Unlike the Rigveda, which is largely composed of hymns, and the Sama Veda, which is mostly songs, the Yajur Veda is a compilation of prose and verse formulas that were to be pronounced by the priest conducting the sacrifice. These utterances are called "Yajus," which is why the text is called the Yajur Veda.
The Yajur Veda is divided into two primary versions: the Shukla Yajur Veda and the Krishna Yajur Veda
- Shukla Yajur Veda: The term "Shukla" means "white" or "pure." This version of the Yajur Veda is called "white" because it is considered to be arranged more systematically and logically. It is also the later version of the two. The Shukla Yajur Veda is divided into two parts: the Madhyandina and the Kanva, named after the sages who compiled them. The Madhyandina is prevalent in North India, while the Kanva is more common in South India. Both versions are further divided into two sections: the Samhita, which contains the ritual formulas, and the Brahmana, which provides explanations and discussions about the rituals.
- Krishna Yajur Veda: The term "Krishna" means "black" or "dark." This version is called "black" because it is considered to be less organized and more chaotic than the Shukla Yajur Veda. The Krishna Yajur Veda is further divided into several branches or schools, with the Taittiriya and Maitrayani being the most prominent ones. Unlike the Shukla Yajur Veda, the Samhita and Brahmana sections in the Krishna Yajur Veda are interspersed, leading to a mixed arrangement of prose and verse.
Both versions of the Yajur Veda serve as ritual handbooks, detailing the procedures and chants for performing various sacrifices and rituals.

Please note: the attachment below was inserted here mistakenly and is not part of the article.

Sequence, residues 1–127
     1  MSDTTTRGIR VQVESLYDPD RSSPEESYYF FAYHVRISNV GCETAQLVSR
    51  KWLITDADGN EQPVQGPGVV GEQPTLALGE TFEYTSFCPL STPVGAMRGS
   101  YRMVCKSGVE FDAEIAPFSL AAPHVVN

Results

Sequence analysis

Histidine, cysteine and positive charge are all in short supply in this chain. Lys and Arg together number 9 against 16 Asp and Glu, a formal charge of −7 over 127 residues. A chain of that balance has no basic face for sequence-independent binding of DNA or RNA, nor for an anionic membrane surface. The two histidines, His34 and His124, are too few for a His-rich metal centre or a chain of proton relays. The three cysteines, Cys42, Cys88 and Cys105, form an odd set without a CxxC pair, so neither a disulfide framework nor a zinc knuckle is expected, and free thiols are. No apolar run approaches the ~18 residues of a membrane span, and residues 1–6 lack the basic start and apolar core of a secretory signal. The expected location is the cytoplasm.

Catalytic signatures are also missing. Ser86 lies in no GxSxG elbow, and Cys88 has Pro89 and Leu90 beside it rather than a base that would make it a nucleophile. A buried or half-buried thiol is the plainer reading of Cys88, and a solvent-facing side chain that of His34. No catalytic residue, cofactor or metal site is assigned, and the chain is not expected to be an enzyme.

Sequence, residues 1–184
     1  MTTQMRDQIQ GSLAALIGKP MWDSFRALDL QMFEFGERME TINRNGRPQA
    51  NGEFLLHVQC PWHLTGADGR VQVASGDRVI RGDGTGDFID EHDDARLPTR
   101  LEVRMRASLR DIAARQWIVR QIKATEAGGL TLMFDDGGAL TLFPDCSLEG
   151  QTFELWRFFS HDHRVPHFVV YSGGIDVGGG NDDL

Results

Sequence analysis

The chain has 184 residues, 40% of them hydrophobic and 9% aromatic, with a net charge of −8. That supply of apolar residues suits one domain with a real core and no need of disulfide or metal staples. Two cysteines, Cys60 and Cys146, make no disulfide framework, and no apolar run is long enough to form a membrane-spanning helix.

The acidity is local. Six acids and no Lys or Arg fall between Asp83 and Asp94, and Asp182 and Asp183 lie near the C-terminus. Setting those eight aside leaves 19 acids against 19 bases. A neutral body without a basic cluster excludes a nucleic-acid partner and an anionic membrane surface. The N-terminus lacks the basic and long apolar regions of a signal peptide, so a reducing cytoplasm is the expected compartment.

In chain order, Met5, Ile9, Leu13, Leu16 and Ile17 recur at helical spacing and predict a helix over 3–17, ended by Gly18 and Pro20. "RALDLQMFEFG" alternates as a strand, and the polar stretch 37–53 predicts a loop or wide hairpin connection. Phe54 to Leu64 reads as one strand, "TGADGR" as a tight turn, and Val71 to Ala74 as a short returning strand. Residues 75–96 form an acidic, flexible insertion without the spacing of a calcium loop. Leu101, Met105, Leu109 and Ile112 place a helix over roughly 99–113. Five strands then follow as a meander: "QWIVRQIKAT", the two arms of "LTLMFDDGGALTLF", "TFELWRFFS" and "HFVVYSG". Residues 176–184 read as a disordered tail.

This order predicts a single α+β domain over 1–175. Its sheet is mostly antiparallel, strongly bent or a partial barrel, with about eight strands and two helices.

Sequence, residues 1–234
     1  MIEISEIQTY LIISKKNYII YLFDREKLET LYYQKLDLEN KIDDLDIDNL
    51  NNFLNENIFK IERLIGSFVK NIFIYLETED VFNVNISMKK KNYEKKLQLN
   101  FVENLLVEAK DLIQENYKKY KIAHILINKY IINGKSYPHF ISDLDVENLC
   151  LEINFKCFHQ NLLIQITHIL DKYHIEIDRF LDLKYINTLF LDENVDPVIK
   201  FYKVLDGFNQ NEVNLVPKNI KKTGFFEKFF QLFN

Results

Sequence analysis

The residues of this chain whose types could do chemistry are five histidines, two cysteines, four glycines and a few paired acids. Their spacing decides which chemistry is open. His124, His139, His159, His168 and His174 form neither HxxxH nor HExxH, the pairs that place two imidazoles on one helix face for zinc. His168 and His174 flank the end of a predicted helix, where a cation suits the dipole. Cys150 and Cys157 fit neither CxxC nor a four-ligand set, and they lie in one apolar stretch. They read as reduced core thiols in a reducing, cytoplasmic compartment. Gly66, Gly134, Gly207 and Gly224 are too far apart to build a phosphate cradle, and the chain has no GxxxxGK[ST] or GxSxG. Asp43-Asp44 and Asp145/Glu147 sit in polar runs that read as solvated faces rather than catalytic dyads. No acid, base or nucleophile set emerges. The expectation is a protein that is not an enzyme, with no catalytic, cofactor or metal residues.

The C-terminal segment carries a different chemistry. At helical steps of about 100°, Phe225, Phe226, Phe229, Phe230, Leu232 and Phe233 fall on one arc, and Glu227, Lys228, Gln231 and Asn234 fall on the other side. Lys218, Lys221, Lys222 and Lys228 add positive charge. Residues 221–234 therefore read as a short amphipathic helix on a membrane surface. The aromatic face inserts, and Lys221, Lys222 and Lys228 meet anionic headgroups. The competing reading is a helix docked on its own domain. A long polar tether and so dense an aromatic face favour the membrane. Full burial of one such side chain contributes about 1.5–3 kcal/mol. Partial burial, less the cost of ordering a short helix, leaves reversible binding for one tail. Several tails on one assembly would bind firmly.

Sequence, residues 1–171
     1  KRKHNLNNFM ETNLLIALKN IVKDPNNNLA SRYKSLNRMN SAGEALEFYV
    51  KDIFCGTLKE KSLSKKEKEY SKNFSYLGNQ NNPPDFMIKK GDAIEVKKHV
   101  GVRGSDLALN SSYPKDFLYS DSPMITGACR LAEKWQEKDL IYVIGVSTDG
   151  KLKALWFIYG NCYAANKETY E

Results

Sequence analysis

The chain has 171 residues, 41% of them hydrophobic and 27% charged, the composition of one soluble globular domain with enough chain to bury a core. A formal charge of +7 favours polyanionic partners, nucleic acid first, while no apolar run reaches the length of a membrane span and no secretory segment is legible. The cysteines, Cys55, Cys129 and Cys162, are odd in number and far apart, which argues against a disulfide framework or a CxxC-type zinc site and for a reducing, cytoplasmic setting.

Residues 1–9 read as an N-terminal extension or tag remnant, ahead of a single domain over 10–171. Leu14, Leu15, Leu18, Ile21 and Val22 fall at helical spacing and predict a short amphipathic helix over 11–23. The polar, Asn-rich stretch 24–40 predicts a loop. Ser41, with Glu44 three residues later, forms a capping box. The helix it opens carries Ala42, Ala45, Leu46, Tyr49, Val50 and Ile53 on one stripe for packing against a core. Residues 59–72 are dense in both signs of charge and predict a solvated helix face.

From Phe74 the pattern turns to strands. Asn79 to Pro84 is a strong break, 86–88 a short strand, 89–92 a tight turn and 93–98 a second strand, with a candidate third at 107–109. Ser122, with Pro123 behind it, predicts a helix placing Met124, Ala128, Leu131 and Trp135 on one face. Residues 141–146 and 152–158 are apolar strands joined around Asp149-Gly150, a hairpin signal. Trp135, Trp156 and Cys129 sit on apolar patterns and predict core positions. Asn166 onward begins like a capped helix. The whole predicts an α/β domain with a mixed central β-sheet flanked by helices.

- Rituals and Sacrifices: The Yajur Veda contains elaborate descriptions of the various rituals and sacrifices performed by the early Vedic people. These rituals include the Agnihotra, Darsapurnamasa, Somayaga, Vajapeya, and Ashvamedha. The text outlines the specific materials, chants, and procedures required for each ritual, as well as the associated rites and offerings.
- Philosophy and Theology: The Yajur Veda is not just a manual for rituals; it also explores the philosophical and theological aspects of Vedic religion. The text delves into the concepts of Brahman (ultimate reality), Atman (individual soul), and the interconnectedness of the cosmos and the self. It emphasizes the significance of performing one's duties with dedication and sincerity.
- Social and Historical Insights: The Yajur Veda provides a glimpse into the social and historical context of the Vedic era. It contains references to the social hierarchy, the role of the priests, and the significance of sacrifices in maintaining social and cosmic order. The text also alludes to historical events, migrations, and interactions between different groups of people.
- Preservation and Transmission: Like the other Vedas, the Yajur Veda has been preserved through oral transmission. The Brahmins, particularly the Yajurveda Brahmins, were responsible for memorizing, reciting, and passing down the text. Even today, the Yajur Veda is recited during Vedic rituals and ceremonies.
In conclusion, the Yajur Veda is a comprehensive text that serves as a repository of ritualistic knowledge, philosophical insights, and historical context. Both the Shukla and Krishna Yajur Vedas have contributed to the understanding of Vedic religion and its rituals, as well as the philosophical and theological underpinnings of Hinduism.
The Yajur Veda remains an essential source for studying the early history of Indian civilization and its religious practices.